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This article in AJ

  1. Vol. 101 No. 3, p. 592-599
     
    Received: Oct 26, 2008


    * Corresponding author(s): coult077@umn.edu
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doi:10.2134/agronj2008.0152x

Soil Organic Matter Response to Cropping System and Nitrogen Fertilization

  1. Jeffrey A. Coulter *a,
  2. Emerson D. Nafzigerb and
  3. Michelle M. Wanderc
  1. a Dep. of Agronomy and Plant Genetics, Univ. of Minnesota, 1991 Upper Buford Circle, St. Paul, MN 55108
    b Dep. of Crop Sciences
    c Dep. of Natural Resources and Environmental Sciences, Univ. of Illinois, 1102 S. Goodwin Ave., Urbana, IL 61801

Abstract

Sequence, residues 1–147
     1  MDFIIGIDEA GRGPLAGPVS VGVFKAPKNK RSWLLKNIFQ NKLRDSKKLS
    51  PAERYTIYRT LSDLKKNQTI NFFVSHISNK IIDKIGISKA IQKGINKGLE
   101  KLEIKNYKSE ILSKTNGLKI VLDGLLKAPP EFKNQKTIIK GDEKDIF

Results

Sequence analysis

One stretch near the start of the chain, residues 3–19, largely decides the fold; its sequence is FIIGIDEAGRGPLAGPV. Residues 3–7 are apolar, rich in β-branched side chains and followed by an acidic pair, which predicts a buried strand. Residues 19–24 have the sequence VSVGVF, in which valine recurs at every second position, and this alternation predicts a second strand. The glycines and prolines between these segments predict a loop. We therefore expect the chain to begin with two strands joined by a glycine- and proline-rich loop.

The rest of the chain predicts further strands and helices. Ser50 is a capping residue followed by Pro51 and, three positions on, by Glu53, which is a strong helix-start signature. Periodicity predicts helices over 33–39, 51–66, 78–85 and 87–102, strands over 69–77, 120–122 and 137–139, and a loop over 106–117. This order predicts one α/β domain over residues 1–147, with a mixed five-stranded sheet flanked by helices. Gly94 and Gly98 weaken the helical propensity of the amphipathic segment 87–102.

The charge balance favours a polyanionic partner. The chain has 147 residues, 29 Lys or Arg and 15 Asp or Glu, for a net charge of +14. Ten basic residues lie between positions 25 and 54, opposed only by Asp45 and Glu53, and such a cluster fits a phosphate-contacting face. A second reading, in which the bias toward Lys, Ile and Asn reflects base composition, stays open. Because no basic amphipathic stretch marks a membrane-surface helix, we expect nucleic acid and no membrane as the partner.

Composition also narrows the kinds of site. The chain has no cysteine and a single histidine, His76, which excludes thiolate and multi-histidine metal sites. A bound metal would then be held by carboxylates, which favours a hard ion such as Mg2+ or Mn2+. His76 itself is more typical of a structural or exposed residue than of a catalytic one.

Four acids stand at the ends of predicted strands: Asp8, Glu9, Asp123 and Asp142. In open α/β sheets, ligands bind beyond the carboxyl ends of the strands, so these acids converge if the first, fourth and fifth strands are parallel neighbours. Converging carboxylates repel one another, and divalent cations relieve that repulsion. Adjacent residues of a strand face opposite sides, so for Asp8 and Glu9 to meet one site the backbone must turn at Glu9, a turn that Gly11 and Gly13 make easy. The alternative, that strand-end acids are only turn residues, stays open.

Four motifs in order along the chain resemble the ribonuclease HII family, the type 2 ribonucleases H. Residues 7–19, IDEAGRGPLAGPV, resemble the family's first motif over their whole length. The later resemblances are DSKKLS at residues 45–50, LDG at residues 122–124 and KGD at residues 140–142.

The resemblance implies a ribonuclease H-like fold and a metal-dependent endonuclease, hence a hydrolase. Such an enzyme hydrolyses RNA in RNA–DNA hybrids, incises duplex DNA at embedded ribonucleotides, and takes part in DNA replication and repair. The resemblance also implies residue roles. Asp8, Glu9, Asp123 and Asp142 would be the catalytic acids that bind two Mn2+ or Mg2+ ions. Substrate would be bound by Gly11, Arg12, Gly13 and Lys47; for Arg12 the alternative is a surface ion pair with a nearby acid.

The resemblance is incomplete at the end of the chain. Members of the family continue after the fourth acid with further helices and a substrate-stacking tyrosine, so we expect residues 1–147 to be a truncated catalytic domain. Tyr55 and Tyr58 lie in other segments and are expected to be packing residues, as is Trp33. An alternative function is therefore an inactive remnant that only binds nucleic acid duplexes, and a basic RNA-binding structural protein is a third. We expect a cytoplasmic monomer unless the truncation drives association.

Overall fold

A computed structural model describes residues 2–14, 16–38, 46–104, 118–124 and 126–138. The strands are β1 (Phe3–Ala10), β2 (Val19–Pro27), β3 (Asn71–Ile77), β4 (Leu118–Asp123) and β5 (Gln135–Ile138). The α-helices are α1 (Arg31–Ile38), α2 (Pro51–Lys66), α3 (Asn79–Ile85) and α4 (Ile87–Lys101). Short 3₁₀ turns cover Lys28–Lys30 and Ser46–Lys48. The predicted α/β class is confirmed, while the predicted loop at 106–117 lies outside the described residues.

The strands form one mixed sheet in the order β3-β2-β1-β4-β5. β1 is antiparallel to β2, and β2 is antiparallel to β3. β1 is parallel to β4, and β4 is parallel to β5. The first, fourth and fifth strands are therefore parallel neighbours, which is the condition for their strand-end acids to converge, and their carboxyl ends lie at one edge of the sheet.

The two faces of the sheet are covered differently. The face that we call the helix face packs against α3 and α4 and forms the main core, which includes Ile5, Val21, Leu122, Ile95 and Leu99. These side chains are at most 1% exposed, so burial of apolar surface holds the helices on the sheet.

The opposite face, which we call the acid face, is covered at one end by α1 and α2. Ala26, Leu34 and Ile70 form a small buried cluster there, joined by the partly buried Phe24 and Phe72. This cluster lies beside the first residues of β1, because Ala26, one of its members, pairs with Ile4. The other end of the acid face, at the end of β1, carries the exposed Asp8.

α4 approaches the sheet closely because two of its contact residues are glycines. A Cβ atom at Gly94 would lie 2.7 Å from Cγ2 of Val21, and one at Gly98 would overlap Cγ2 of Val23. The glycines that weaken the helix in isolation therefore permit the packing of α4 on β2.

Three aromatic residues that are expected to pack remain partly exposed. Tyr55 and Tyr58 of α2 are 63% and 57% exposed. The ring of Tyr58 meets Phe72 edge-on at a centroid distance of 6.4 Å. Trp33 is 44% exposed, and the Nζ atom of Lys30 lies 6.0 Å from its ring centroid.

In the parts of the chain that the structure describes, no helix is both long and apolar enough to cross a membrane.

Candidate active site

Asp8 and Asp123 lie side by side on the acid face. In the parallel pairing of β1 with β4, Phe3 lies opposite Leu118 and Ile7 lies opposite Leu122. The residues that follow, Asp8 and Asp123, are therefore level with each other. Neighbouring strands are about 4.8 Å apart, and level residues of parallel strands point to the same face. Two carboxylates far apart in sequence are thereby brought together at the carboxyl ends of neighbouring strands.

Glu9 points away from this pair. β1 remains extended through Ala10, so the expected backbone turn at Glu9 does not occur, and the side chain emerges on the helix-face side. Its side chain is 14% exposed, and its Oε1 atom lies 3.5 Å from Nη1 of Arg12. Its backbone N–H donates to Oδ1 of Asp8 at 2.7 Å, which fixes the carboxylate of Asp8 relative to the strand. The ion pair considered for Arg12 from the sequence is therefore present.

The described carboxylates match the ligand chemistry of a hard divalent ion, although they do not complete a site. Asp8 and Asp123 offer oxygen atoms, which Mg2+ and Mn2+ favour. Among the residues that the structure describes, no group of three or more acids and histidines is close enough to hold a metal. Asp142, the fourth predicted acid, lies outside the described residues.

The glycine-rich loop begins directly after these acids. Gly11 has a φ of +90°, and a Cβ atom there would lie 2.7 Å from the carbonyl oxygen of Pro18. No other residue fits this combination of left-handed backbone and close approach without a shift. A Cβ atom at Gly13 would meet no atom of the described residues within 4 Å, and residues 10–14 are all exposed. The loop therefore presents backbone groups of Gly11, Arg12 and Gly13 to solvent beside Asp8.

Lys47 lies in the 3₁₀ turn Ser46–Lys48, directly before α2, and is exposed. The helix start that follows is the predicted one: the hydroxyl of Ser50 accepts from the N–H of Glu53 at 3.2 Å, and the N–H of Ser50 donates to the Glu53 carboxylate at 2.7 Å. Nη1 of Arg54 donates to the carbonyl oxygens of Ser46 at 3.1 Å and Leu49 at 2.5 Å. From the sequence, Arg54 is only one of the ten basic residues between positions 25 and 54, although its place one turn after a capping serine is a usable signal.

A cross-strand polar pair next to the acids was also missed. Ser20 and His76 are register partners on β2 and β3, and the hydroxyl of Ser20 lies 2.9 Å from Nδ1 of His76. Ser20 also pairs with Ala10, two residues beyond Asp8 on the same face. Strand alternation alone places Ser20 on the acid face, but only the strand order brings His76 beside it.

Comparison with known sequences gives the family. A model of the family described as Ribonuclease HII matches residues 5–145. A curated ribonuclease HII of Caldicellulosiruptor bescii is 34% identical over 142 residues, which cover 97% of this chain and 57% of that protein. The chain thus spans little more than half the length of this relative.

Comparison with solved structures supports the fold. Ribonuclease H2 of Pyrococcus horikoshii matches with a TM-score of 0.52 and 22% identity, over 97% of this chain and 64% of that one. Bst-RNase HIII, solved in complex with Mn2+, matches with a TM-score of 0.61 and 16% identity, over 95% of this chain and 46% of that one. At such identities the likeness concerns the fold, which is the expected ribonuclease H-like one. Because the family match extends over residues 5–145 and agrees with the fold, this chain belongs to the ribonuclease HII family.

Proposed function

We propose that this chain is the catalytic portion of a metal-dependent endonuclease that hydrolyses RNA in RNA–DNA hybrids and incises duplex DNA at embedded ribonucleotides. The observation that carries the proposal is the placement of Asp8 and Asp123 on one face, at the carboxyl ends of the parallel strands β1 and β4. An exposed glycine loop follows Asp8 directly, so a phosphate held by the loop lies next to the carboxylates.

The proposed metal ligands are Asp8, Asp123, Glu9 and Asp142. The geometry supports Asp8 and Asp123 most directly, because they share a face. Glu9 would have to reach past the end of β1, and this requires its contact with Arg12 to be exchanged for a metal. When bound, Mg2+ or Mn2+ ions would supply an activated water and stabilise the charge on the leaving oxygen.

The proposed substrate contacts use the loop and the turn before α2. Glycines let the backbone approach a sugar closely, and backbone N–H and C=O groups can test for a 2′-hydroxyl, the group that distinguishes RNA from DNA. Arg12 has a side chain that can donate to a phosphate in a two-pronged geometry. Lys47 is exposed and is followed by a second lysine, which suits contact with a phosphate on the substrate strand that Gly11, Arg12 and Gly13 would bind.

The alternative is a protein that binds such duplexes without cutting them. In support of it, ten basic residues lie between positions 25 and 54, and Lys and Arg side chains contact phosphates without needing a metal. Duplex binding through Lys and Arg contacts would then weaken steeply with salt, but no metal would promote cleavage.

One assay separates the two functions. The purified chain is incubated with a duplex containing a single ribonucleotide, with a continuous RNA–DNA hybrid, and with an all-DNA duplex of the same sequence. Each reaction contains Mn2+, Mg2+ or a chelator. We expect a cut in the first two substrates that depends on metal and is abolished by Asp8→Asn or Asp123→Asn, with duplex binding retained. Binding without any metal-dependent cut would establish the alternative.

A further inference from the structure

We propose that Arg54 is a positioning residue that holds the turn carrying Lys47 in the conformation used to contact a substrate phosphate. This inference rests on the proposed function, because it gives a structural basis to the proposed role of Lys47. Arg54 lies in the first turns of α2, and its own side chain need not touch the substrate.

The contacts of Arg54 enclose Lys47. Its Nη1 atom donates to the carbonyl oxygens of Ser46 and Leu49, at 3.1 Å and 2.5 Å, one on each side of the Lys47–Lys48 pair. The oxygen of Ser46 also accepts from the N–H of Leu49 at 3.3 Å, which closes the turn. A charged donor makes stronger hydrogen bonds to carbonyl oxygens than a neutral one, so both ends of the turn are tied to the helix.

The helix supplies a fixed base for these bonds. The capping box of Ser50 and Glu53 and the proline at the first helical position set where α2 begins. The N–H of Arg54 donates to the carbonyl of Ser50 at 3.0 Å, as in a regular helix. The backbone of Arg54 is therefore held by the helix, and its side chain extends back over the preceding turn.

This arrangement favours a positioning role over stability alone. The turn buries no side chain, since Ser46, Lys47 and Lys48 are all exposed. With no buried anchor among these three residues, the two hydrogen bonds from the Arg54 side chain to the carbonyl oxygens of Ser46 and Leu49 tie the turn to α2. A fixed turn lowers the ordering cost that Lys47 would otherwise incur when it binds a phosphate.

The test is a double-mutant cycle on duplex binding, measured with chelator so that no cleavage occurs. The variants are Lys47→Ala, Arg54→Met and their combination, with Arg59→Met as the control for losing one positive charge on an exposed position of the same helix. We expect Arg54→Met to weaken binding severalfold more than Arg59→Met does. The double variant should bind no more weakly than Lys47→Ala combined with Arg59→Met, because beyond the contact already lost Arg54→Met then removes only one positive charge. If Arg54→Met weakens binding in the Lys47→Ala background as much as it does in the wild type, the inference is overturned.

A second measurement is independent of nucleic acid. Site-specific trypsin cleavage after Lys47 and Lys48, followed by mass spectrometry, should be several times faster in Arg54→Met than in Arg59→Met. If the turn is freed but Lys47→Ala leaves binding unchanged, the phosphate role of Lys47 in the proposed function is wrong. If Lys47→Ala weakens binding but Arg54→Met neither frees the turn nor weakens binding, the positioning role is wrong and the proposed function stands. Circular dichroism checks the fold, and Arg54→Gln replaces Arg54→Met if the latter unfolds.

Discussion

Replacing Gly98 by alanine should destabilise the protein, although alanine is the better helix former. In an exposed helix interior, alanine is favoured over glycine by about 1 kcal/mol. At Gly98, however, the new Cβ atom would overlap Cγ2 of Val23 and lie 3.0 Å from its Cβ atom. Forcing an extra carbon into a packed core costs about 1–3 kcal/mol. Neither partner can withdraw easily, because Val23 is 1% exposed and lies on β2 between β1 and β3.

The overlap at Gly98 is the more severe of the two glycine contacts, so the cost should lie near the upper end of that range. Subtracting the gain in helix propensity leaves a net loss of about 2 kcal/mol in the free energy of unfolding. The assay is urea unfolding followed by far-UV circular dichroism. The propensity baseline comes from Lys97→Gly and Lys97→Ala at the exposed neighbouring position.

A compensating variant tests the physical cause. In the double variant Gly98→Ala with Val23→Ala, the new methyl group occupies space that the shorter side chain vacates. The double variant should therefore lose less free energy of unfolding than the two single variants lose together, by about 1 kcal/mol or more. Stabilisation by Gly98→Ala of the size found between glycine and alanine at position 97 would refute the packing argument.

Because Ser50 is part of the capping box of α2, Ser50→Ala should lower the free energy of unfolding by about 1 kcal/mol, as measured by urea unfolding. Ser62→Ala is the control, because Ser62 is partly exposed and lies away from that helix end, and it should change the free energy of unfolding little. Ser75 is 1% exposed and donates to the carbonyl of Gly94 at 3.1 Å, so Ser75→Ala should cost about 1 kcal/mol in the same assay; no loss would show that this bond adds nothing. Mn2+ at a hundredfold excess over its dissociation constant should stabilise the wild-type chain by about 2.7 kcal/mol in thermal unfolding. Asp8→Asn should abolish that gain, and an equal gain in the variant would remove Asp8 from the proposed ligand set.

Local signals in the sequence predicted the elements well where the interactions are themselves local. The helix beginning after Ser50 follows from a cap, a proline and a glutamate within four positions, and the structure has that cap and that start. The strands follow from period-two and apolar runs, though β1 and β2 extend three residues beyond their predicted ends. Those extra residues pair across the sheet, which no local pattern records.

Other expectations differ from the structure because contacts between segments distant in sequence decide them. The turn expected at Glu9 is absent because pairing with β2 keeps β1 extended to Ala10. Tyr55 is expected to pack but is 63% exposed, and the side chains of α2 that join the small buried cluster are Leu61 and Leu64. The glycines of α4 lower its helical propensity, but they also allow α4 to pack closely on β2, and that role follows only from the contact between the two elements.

Management to improve soil C and N storage is necessary to increase soil quality. Continuous corn (Zea mays L.) (CC) and a corn-soybean [Glycine max (L.) Merr.] rotation (CS) in a chisel plow tillage system with six N fertilizer rates in corn were sampled after 8 yr in Illinois. Soil organic carbon (SOC) and total nitrogen (TN) varied with cropping system at DeKalb, but not at Dixon Springs or Urbana. At DeKalb, SOC in the 0-to 30-cm depth was 98.6 and 81.4 Mg C ha−1 following CC and CS, respectively. Similarly, TN to a depth of 30 cm at DeKalb was 7.91 Mg N ha−1 with CC and 6.91 Mg N ha−1 with CS. Particulate organic matter (POM) C (POM-C) and POM N (POM-N) were also greater following CC in the 0- to 30-cm depth at DeKalb and in the surface 15 cm at Dixon Springs. At DeKalb, POM-C in the 0- to 30-cm depth was 6.5 Mg C ha−1 following CC and 5.1 Mg C ha−1 following CS, while POM-N was 0.41 and 0.34 Mg N ha−1, respectively. At Dixon Springs, where POM-C was 4.9 Mg C ha−1 and POM-N was 0.34 Mg N ha−1 in the 0- to 15-cm depth following CS, POM-C and POM-N were 10 and 9% greater with CC, respectively. These results indicate that cropping system influences soil C and N more than N fertilization, and that this influence is greater in the labile fraction of soil organic matter (SOM) than in total SOM.

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